The  acting  Zoning Administrator  for  the District  of  Columbia,   Olutoye    Bello,    sued   in    his    official    capacity,  is  a  proper defendant,  and  the  suit against  Bello  shall  be treated  as  a  suit against the  District  of  Columbia.  See  Kentucky  v.  Graham, 473  U.S.  159,  166 (1985); accord Arnold v. Moore, 980 F. Supp. 28, 36  (D.D.C. 1997)(“It   is   well   settled  that   if   the   plaintiff  is   suing   the  defendants   in   their  official   capacities, the suit is to be treated as a suit against the District of Columbia.”).  Thus,  this suit  may  proceed  against defendant Bello.   COMMUNITY HOUSING TRUST, et al., Plaintiffs, v. DEPARTMENT OF CONSUMER AND REGULATORY AFFAIRS, et al., Defendants. No. CIV.A. 01-02120 (HHK). April 16, 2003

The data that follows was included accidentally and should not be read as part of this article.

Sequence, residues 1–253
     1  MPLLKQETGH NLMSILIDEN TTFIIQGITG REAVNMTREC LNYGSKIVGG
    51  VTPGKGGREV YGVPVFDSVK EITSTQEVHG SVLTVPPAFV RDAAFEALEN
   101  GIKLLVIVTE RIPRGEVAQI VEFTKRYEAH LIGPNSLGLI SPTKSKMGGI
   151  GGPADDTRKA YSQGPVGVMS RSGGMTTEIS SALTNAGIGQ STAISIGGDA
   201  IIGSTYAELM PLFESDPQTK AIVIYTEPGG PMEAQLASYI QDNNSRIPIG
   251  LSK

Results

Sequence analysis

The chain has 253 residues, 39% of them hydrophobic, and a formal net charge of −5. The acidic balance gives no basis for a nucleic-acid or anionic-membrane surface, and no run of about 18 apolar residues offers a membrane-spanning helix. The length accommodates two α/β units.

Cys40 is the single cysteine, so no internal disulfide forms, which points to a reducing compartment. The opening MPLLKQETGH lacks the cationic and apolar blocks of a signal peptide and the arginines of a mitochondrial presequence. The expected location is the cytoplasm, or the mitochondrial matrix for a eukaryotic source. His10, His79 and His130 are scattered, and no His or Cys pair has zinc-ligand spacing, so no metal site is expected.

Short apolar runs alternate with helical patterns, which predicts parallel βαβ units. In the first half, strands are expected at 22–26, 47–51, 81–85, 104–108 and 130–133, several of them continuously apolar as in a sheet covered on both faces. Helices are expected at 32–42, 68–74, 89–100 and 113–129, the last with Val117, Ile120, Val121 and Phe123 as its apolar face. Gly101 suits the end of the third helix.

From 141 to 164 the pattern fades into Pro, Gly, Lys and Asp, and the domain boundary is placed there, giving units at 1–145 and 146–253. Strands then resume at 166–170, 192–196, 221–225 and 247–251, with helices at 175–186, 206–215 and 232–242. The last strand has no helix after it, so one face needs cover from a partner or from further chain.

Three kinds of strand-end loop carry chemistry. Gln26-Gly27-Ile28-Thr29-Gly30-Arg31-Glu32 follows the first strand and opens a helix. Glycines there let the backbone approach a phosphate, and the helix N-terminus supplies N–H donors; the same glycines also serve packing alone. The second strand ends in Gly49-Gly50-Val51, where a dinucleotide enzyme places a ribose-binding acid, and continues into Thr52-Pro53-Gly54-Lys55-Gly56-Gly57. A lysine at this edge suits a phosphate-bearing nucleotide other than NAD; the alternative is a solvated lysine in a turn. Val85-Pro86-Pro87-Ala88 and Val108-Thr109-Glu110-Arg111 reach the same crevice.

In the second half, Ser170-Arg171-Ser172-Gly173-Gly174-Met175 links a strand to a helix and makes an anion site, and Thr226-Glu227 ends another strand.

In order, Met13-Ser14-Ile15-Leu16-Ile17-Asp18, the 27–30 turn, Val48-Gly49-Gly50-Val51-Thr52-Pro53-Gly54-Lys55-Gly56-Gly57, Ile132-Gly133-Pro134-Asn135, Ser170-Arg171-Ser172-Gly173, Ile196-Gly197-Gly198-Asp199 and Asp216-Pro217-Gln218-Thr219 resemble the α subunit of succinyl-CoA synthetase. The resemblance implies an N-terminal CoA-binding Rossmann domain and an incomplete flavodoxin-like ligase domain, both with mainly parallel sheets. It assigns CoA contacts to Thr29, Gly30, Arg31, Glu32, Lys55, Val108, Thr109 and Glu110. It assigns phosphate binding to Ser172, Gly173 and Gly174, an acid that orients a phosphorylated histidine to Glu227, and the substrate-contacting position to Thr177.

For more on Non sui juris, see this case, and this case, and google it!

 

Tax Increment Financing, It will TIF you off

Tax Increment Financing (TIF) is a municipal financial scheme whereby DC taxpayers fund and support private development projects throughout the city.

TIFs allow the diversion of taxes that would otherwise be generated by these new projects away from the city’s general budget for social needs (schools, parks, affordability, services, etc.), and instead these taxes are used to pay back private bankers whom authorized the TIF credit and municipal loan.

TIFs act as blank checks from the public to fund and externalize private development costs and is considered a form of corporate welfare.


Governments often use TIF resources to prepare land for development or redevelopment. In addition, governments may use TIF revenues to underwrite certain public structures, such as parking garages. If permissible under state statute, the construction of municipal facilities can be financed using TIF revenues. An Elected Official’s Guide to TAX INCREMENT FINANCING by Nicholas Greifer & The Government Finance Officers Association, July 2007.


The most recent District of Columbia TIF is for Union Market developers.

WARD 5 TIF